So. Whew. Time for something light and fun. Whenever I feel like I should give up the writing ghost and just commit myself to doing something realistic, like teaching or copy editing, I sit down and read this book from cover to cover. I rise convinced that, if I feel like I should write, then I should write (this does not mean that what I write will be great or even good, or even that I should show it to other people, but I should do it nonetheless). With every Tom, Dick and Harriet flooding the blogosphere these days, it seems as though the reverse should be true, and that most of us should stop writing until we figure out if we’re any good at it or not. But how else do we figure this out? And how else are we going to get any better?
Lamott’s advice is simple and direct: Write shitty first drafts. Take things one inch at a time. Commit to writing a certain amount every day. She makes it seem so manageable, so doable, so intrinsically rewarding that, even if both my blogs are shut down and I never see another word of mine in print, it will be worth the doing. It’s ok, she says, if it’s hard, and if you feel at times like your friends are collaborating against you, and like you’re not attractive or funny or kind, and that no one will ever want to hold your hand again. You’re supposed to feel this way. People who do not feel this way are rare, and do not have interesting inner lives, and probably also eat Cream of Wheat for breakfast. Every day.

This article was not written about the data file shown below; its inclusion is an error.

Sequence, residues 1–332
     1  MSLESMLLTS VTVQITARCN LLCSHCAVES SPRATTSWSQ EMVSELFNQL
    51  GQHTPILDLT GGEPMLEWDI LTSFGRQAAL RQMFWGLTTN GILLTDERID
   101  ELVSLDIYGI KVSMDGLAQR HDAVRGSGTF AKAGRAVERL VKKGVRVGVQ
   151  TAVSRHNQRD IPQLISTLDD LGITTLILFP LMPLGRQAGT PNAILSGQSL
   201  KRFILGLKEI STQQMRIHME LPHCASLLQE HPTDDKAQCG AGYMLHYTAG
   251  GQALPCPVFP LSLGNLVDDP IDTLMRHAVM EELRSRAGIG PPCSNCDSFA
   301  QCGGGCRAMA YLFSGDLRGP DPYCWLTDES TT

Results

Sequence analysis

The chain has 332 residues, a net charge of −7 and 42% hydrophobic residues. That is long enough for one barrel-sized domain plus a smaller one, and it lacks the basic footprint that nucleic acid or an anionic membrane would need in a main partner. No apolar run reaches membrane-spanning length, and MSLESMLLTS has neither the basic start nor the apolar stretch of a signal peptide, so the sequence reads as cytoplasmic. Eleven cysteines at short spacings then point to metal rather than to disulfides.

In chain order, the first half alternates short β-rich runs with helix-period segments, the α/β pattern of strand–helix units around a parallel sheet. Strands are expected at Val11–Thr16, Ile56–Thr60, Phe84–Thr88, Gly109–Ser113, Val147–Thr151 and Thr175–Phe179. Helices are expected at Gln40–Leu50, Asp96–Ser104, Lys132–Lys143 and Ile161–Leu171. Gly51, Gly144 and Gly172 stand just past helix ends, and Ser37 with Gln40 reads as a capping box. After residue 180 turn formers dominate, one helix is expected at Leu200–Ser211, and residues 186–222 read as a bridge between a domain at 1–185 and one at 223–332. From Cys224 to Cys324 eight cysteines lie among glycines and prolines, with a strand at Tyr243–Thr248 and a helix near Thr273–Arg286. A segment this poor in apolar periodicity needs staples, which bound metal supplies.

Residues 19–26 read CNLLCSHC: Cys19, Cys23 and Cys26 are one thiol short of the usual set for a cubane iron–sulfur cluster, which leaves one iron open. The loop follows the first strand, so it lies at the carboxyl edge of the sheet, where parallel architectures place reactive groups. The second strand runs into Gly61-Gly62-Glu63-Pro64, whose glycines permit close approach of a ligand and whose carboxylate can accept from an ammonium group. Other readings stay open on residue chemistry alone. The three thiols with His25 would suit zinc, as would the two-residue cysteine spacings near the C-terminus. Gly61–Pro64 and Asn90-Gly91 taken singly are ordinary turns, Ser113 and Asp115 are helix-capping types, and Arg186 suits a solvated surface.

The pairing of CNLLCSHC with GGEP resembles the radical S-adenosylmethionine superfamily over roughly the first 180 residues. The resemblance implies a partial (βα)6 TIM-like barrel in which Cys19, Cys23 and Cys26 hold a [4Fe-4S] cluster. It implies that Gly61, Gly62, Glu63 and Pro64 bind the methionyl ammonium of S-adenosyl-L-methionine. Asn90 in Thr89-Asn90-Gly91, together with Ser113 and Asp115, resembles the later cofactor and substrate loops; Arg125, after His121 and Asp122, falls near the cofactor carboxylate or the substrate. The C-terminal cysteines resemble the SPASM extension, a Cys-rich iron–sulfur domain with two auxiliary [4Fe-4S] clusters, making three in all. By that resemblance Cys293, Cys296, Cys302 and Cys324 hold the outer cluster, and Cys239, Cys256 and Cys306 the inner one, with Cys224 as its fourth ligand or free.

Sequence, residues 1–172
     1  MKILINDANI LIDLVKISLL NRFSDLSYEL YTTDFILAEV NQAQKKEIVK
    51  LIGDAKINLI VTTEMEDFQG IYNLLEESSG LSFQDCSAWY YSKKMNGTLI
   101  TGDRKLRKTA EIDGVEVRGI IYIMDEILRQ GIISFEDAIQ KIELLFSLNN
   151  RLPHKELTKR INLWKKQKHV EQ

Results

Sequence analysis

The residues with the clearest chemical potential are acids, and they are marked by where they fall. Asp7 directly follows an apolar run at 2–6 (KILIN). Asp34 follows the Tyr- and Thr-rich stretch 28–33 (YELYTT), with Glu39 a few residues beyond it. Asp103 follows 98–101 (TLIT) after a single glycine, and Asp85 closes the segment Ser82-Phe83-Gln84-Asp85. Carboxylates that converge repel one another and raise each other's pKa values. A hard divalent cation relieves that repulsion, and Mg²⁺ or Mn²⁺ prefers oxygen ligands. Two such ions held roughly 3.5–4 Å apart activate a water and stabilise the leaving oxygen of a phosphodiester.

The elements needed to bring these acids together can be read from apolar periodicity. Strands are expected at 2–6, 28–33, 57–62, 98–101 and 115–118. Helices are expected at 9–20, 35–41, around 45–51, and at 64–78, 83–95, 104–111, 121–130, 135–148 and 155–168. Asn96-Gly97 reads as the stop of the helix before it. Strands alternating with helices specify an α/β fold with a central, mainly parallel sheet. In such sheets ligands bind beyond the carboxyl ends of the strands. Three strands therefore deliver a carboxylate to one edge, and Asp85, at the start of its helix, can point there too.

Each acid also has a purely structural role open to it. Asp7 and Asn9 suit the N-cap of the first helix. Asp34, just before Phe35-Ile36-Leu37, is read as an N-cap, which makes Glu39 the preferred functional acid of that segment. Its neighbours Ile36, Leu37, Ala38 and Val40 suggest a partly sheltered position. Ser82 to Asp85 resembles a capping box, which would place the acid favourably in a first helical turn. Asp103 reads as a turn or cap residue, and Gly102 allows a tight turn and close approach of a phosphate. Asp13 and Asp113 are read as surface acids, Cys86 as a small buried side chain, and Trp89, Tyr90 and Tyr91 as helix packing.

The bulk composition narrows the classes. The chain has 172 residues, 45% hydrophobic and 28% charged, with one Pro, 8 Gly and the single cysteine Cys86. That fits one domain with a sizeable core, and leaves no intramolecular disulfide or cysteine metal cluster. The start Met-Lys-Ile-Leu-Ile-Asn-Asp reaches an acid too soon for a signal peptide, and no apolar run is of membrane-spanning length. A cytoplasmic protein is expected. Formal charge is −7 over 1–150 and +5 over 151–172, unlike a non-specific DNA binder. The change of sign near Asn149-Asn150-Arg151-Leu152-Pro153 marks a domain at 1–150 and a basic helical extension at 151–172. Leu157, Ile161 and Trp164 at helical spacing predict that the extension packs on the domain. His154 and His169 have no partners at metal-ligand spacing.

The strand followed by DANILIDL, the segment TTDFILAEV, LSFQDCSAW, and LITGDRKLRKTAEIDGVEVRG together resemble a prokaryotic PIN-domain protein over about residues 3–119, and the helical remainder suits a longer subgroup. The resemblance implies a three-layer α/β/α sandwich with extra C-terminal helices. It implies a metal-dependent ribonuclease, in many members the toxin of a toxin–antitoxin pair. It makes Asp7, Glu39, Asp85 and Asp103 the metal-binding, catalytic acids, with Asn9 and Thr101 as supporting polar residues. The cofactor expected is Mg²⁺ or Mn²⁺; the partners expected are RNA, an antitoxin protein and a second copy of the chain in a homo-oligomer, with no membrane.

Lamott is so frighteningly precise at times that you want to leap to your feet, pumping your fist in the air and hollering, ‘Yes! Yes!’ And then you would like confetti to fall from the ceiling. This is particularly inappropriate if you are on the bus, and I do not recommend it. She is also hilarious, and if you do not choke on your tongue reading this book, then you are not the type of person I want to spend time with. She is tender and encouraging and heartfelt and genuine and honest. I would like to have her for a cousin.
Seriously, if you ever have felt compelled to write, or if anyone in your life spends any time writing and you want to understand why they’re so neurological and why sometimes their eyelashes fall out, or if you have no interest in writing but you have a dark sense of humor hidden away somewhere, you need to read this book.